Snakebites In Dogs: What To Do If Your Dog Is In Need Of Emergency Treatment (And How To Prevent Them)

City or suburban dogs might never encounter a snake. Dogs that live in rural areas or take on hiking, hunting, or camping trips have a high chance of coming across a snake at least once. Most of these encounters will be harmless. Many dogs will try to attack the snake or even play with it. This is always a possibility. Fatal snake bites are more common in dogs than in any other domestic animal. Up to 80 percent of bitten dogs survive with prompt treatment. Symptoms of a snake bite on dogs include swelling and bruises at the bite site. A bite from a venomous snake is far more serious. When a snake bites your dog, dramatic symptoms can start within minutes. Your dog may begin to move, or you might notice twitching muscles, especially in the dog's back legs. The legs might become weak, causing your dog to fall to the ground. Most dogs will be very agitated or nervous. You will see your dog pant heavily, pace, drool, or even froth at the mouth. [Cottonmouth Agkistrodon piscivorus]. Or water moccasin, Little St Simons Island, Barrier Islands, Georgia, USA [https://fast. maomihezi. com/api/v1/optimize?fileUri=https%3A%2F%2Bwww. thesprucepets. com%2Cthmb%2DcP5xm &9CooiNiPP-1 &3D%3F5500x3659%2Pfilters%3Ano-upscale%28&responseType;=Binary&openIn; Use an ice pack directly to the wound. Even a package of frozen vegetables will work. After proper treatment, your dog usually will start to rebound within 24 hours. As a general rule, bite wounds to the animal's abdomen or chest are the most likely to prove fatal. Even an nonvenomous bite can become very serious if infection sets in. There is no absolute way to prevent snake bite in dogs. . . .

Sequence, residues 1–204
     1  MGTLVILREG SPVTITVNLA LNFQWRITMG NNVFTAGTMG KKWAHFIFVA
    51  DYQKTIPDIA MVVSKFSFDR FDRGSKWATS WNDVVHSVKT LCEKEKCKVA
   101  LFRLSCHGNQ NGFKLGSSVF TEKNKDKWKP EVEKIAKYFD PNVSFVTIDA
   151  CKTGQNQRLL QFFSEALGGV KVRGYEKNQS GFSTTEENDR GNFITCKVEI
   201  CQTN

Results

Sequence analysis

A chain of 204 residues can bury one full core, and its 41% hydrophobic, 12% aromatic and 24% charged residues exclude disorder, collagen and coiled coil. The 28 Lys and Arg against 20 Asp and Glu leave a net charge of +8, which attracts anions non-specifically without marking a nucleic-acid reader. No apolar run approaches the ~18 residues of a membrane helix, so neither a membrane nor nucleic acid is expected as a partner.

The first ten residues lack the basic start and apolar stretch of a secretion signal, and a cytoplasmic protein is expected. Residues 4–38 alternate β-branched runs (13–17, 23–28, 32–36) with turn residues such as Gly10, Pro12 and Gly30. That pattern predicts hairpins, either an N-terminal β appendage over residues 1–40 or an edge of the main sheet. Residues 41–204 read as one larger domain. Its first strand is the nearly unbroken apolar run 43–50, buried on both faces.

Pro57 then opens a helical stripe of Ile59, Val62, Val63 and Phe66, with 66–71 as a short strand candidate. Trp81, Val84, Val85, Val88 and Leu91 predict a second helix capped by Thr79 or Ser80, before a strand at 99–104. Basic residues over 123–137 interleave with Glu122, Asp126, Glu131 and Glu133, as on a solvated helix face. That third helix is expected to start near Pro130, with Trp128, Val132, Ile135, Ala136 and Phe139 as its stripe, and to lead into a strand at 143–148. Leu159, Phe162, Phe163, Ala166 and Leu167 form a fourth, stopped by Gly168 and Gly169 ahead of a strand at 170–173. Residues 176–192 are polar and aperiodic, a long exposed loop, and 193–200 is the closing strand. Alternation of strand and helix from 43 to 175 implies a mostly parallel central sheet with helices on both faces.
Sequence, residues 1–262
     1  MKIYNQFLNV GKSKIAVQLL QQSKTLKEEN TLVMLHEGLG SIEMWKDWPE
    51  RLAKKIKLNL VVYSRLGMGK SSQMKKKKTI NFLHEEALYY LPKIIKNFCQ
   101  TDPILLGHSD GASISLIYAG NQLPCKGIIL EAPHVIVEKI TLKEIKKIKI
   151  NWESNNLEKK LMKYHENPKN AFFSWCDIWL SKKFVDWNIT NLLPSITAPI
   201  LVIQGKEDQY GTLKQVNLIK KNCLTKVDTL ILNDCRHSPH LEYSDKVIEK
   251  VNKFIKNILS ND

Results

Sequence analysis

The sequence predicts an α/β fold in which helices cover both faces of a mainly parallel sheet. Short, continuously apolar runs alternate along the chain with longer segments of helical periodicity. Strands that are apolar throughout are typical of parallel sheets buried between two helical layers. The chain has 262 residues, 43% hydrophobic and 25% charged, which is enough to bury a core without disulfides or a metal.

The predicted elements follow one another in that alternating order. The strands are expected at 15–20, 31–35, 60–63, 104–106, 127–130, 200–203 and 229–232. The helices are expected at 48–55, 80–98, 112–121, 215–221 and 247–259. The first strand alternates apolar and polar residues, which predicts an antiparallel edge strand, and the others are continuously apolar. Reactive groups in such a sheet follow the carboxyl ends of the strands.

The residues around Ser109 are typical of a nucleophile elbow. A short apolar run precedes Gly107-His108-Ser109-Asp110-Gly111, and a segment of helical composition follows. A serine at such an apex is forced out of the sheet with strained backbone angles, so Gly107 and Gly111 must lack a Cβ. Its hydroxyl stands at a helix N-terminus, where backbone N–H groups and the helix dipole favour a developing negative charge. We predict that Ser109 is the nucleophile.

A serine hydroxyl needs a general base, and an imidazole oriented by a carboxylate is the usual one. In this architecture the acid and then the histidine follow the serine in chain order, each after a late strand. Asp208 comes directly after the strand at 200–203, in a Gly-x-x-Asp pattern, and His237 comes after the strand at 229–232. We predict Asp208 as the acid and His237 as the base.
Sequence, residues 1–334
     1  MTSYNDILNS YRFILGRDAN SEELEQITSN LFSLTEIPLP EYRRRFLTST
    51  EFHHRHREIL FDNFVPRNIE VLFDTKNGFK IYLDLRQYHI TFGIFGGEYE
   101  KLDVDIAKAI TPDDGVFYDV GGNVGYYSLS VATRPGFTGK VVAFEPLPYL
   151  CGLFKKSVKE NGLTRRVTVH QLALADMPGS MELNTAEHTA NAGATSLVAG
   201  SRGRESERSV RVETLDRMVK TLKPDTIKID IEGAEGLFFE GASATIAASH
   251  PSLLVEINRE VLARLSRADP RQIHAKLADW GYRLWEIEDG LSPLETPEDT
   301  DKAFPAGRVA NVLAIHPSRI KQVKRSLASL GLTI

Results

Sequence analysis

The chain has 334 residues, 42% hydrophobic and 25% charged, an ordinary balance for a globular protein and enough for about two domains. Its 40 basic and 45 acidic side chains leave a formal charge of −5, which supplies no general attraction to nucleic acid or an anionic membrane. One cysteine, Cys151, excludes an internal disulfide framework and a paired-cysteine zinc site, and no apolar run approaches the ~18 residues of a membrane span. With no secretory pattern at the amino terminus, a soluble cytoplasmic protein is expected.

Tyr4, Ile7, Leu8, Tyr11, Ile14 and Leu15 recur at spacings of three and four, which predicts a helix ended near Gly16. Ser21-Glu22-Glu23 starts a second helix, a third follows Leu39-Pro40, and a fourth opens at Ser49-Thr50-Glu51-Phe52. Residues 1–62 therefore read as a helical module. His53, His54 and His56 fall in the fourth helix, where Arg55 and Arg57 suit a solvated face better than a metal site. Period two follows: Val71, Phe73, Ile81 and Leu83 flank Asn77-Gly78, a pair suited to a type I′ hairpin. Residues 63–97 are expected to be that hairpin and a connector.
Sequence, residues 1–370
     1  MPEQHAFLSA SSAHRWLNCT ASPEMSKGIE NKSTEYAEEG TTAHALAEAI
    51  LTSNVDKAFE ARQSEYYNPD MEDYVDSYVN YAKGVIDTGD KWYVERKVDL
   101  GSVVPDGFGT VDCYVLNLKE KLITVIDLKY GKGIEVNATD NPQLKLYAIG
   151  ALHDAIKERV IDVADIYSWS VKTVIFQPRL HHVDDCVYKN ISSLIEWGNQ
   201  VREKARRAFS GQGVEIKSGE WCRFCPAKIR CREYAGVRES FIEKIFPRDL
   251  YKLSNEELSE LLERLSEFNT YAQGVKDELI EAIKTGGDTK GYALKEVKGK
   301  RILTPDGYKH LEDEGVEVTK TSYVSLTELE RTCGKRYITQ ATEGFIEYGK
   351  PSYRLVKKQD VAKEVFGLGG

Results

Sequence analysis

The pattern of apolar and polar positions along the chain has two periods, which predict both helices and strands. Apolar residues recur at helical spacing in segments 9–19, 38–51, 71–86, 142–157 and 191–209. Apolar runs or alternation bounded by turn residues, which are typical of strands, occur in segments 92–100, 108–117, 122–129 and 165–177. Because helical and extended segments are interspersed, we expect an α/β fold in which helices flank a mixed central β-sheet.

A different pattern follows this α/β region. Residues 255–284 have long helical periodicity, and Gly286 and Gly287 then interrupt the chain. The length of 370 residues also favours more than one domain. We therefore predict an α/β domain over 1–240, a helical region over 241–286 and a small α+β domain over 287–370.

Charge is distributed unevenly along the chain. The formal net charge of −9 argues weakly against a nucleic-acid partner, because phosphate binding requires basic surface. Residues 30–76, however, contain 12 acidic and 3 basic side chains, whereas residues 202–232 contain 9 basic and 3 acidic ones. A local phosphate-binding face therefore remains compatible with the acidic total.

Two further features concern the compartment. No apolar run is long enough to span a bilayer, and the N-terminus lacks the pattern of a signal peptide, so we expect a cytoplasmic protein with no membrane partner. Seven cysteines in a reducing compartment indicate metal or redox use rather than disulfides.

Tags: Dogs/ Animals/ Animals And Animals/ Snakes/

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